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Subsequent reactions were common and often more serious than the initial reactions of children with peanut allergy

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 QUESTION: In young children with peanut allergy diagnosed before 4 years of age, what is the nature and rate of adverse reactions caused by accidental peanut exposure?

Design

Cohort study with a median of 5.9 years (range 1.4 to 22.4 y) of follow up .

Setting

Boulder, Colorado, USA.

Patients

102 children with clinical peanut hypersensitivity diagnosed before their fourth birthday. Children were included if they had a convincing history of clinical peanut hypersensitivity; a positive double blind or a placebo controlled food challenge response to peanuts, or both; and a positive skin prick test response to peanuts. Data for 83 children (81%) (median age 2.4 y, 69% boys) were available for the analysis.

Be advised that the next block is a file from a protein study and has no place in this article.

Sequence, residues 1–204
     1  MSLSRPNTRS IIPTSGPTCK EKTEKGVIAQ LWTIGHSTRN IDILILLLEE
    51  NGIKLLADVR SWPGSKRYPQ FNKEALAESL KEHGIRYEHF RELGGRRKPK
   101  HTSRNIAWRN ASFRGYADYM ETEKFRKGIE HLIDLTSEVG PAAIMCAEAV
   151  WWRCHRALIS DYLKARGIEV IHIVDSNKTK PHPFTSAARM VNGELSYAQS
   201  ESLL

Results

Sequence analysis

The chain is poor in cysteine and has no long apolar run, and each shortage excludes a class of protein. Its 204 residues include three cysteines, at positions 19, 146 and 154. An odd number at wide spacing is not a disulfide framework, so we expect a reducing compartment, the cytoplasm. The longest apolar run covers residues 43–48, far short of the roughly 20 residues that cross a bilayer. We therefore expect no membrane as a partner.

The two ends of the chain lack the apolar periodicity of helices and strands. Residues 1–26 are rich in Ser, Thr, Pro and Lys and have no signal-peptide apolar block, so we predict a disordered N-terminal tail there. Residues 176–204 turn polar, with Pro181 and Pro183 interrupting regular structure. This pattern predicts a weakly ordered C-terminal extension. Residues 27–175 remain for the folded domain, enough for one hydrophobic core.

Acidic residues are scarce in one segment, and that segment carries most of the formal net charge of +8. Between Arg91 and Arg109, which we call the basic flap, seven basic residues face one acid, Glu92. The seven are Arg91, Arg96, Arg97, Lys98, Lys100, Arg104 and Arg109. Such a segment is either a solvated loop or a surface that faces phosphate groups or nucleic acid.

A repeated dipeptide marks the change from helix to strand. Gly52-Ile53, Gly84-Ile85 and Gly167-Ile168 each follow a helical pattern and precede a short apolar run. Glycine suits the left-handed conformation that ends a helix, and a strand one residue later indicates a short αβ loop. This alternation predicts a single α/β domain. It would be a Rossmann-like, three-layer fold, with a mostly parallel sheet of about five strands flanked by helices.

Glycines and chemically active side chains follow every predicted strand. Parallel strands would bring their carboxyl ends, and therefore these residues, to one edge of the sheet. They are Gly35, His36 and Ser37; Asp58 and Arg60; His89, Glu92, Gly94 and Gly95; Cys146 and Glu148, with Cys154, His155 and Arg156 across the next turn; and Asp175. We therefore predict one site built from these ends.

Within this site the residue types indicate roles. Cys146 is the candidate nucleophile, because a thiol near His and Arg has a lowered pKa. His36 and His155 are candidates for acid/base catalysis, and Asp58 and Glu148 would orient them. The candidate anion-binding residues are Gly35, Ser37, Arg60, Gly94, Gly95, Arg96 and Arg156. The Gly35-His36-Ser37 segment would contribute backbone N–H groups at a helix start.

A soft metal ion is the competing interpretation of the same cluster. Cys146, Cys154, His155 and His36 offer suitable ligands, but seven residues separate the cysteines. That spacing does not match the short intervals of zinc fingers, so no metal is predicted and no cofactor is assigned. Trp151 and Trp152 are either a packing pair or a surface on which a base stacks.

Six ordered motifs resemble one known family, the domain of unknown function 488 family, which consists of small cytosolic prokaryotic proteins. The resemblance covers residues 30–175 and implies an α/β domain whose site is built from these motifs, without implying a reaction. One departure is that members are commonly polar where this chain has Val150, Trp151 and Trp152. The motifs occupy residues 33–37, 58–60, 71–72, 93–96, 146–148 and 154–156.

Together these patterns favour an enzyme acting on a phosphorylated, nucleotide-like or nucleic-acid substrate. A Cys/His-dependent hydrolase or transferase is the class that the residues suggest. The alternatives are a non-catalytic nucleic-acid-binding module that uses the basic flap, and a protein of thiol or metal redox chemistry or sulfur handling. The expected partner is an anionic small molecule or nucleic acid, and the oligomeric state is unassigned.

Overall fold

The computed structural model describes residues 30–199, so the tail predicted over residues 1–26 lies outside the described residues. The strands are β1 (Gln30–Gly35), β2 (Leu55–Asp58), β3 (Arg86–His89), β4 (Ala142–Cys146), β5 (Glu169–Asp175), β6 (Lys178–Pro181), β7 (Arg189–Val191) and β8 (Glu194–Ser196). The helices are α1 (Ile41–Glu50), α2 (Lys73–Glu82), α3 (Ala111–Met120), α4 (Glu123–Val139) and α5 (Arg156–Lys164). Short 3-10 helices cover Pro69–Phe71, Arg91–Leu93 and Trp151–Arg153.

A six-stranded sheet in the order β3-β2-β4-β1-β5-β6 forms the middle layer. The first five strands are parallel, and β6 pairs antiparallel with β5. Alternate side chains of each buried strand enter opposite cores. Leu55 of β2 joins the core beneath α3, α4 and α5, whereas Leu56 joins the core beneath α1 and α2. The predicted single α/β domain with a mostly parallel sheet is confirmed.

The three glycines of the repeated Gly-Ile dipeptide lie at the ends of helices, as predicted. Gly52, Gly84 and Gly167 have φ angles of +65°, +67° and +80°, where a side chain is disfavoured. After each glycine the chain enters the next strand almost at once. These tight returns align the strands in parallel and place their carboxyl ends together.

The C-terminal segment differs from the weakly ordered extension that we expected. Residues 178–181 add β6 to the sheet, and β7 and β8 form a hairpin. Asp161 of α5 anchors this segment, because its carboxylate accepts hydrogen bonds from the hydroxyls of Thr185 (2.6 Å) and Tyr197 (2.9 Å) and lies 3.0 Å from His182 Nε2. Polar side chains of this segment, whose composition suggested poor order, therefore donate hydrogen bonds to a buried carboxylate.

Assessment of prognostic factors

Initial assessment records: severity of symptoms (non-life threatening or potentially life threatening); organ system involvement (skin, respiratory, gastrointestinal, or other); and serum peanut specific immunoglobulin E (IgE) concentrations (in 51 of 83 [61%] children).

Main outcome measures

Subsequent adverse reactions after a first peanut exposure were assessed at least …

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